Buttermilk pancakes are thick, fluffy and savoury American pancakes that are best known for being stacked up and served with butter, bacon and heaps of maple syrup. They can be served as a sweet or savoury dish and for that reason they themselves are not sweet. Made with very little sugar, this breakfast staple can be eaten with eggs, sausage and bacon or with fruit, cream and chocolate.
Why buttermilk? The acidity of the buttermilk activates the bicarbonate of soda to make the batter rise and become bubbly, so that when the batter is cooked it creates a light and fluffy texture on the inside despite being so thick.
When I say this pancake recipe is easy, I really mean it. For years I struggled to make pancakes. In fact, they never even resembled pancakes, I basically made what looked like scrambled eggs. Crêpes were out of the question, I just couldn’t get the batter to pancake ratio right or the technique down. Buttermilk pancakes however, well, they’re a game changer! Thanks to the thickness of the batter and weight of the cooked pancake, flipping them doesn’t end in carnage and really if you go a little over with the batter to pancake ratio you just end up with a bigger and bolder pancake, you can’t lose! I would rather make a stack of buttermilk pancakes over crêpes because they are always a hit.
Having not long come back from the States where I enjoyed a few pancakes for breakfast and brunch, I wanted to share this simple, versatile and delicious recipe for the perfect weekend brunch. As the sugar content isn’t high, this recipe is suitable for children and adults, it’s up to you how to you want to serve them!
This recipe will make approximately ten thick and fluffy pancakes. Estimate making 2-4 per person, depending on appetite.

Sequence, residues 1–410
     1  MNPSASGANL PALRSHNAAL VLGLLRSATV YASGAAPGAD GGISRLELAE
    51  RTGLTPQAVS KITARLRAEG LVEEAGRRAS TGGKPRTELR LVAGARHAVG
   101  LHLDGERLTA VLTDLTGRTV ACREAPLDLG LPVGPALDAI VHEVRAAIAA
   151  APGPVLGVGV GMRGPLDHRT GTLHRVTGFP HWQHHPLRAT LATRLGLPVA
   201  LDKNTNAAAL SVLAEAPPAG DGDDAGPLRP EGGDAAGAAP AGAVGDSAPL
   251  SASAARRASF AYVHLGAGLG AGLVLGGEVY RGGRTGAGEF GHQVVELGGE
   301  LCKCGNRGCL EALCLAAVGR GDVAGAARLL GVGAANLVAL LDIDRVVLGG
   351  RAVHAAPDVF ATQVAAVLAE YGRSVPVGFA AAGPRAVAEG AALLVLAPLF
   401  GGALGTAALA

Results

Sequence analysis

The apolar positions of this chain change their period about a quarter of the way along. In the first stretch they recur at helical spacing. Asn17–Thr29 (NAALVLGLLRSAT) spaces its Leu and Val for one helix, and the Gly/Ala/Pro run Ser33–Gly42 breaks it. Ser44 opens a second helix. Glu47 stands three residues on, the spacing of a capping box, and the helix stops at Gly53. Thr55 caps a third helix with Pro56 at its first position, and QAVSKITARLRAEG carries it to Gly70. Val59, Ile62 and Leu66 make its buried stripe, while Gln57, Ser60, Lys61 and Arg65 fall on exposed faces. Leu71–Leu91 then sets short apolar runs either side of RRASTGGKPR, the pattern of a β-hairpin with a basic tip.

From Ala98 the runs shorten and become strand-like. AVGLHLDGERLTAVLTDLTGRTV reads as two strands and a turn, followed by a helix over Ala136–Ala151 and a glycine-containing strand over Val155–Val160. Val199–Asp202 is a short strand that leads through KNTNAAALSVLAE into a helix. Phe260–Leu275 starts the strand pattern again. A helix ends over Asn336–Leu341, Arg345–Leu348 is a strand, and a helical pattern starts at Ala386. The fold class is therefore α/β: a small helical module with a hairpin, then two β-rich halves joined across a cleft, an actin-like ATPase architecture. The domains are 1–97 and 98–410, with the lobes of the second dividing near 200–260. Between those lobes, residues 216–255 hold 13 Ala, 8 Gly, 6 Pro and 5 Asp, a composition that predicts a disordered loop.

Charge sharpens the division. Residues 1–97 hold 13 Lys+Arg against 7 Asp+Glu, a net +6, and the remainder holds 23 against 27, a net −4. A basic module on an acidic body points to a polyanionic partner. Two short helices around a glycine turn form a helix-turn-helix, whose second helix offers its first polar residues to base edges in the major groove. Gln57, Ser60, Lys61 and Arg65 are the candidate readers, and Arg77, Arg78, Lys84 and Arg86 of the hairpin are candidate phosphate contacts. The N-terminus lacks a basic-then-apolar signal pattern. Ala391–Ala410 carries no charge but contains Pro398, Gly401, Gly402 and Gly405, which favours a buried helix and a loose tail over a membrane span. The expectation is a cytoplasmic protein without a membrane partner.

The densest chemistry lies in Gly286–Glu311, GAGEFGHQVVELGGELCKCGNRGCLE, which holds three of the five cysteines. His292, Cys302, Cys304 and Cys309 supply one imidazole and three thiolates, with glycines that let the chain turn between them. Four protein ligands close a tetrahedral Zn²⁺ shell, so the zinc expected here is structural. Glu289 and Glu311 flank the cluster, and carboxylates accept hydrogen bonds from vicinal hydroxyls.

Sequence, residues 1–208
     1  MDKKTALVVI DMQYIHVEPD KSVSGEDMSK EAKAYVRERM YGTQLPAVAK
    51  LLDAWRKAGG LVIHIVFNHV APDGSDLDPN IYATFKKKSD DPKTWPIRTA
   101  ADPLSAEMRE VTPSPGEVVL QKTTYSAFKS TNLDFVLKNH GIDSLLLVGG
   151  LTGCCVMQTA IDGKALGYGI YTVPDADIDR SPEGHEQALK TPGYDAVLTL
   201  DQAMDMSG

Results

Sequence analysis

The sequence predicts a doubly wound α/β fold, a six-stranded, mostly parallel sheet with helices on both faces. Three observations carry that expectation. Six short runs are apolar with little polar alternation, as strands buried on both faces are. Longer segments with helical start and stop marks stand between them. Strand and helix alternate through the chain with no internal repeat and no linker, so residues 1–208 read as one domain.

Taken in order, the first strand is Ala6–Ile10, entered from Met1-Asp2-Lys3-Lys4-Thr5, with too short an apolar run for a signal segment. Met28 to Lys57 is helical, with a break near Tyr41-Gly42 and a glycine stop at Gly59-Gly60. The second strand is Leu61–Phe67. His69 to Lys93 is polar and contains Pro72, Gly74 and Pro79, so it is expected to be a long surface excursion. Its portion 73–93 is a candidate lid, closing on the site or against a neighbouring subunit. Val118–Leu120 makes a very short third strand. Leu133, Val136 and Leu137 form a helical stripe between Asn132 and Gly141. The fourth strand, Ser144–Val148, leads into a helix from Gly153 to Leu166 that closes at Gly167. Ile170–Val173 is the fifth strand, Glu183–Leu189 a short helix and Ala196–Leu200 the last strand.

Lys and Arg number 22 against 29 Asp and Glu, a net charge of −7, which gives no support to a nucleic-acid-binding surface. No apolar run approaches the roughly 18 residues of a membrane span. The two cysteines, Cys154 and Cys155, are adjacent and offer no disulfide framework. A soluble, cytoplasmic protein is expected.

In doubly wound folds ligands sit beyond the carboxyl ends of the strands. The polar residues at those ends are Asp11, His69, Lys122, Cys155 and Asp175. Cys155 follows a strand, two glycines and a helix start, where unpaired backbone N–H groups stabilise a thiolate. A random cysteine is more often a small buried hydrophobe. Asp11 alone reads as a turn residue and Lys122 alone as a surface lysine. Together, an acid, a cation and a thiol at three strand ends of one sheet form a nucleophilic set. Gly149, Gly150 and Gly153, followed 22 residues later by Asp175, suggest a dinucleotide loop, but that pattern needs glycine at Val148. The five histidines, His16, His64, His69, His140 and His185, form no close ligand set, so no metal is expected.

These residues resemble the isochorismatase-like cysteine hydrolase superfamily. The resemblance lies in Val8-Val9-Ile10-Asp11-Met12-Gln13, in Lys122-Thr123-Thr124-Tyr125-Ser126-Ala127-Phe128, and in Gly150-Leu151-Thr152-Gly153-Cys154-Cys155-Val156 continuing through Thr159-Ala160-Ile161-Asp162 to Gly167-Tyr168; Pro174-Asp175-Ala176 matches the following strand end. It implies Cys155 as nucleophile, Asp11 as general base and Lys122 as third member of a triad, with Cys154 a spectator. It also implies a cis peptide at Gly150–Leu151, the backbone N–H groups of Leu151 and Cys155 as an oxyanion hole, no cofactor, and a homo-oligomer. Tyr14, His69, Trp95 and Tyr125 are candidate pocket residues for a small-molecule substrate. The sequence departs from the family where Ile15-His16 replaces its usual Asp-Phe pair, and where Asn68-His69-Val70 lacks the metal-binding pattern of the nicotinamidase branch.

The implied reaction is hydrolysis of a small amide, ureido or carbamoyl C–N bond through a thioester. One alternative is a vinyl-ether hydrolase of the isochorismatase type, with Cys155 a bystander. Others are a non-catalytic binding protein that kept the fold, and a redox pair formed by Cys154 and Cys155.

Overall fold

350g self raising flour
1tsp bicarbonate of soda
1/2 tsp salt
2 tbsp caster sugar
400ml semi-skimmed milk
85g unsalted butter (plus extra for frying)
12 rashers smoked streaky bacon
50ml maple syrup
x2 Mixing bowls (one large, one medium)
1/2 tsp measurement
1 tsp measurement
1 tbsp measurement
1. Turn the oven on to a low heat, I have an AGA which you will see in the photos, but it makes no difference other than not needing to preheat or switch on anything.
2. Sift the flour into the large mixing bowl and add the salt, sugar and bicarbonate of soda.
3. Melt the butter in a saucepan over a low heat.
4. Hand whisk together the buttermilk, milk, eggs and butter in the medium mixing bowl.
5. Pour the wet mixture into the dry whilst stirring to combine. The mixture will be thick and gloopy.
6. Melt a small knob of butter in the frying pan over a high heat, making sure to cover the base of the pan.
7. Using a ladle, pour about a ladle and a half’s worth of batter into the saucepan, making a circle that fits almost to the edge of the saucepan.
8. Cook the pancake for about a minute, until the sides stop sticking, the underside is golden brown and the top is bubbling.
9. Using a fish slice, lift the edges of the pancake and gently flip it over to cook for another minute. Heads up, the first one is always a disaster because the pan hasn’t reached the optimal temperature. Remove from the pan once both sides are golden brown.
10. Continue to cook each pancake the same way, melting a small knob of butter between each one. Keep the cooked pancakes warm in a plate in the oven.
11. Once all of the pancakes are cooked and keeping warm in the oven, you can cook the bacon. Preheat the grill whilst you line a tray.
12. Lay the strips of bacon onto the tray and grill until the top side is crisp, then turn the strips over and grill until crisp.
13. Serve the pancakes stacked on top each other, topped with the bacon and drizzled with maple syrup. Or, if you prefer a healthier alternative, they taste great with sliced banana, strawberries and mango with a light honey drizzle.
If you give them a try, let me know how it goes. Use the hashtag #postcardsfromhawaiiblog so I can see it!
Why not accompany your stack of pancakes with a zingy matcha shot to wake up your tastebuds. Take a look at my Matcha shot recipe to know how to make one.